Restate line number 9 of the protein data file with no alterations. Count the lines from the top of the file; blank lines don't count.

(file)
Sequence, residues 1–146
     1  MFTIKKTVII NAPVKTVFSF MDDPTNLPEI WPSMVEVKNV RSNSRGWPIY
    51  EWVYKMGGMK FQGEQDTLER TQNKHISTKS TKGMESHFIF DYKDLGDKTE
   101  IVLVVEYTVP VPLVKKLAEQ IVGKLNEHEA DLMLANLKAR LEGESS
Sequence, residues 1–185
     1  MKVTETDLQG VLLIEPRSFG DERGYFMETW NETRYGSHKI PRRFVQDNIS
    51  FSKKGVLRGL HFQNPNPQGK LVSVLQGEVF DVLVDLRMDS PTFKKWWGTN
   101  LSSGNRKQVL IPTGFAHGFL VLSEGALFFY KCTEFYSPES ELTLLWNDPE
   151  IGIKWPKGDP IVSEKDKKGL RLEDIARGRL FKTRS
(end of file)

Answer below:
   151  IGIKWPKGDP IVSEKDKKGL RLEDIARGRL FKTRS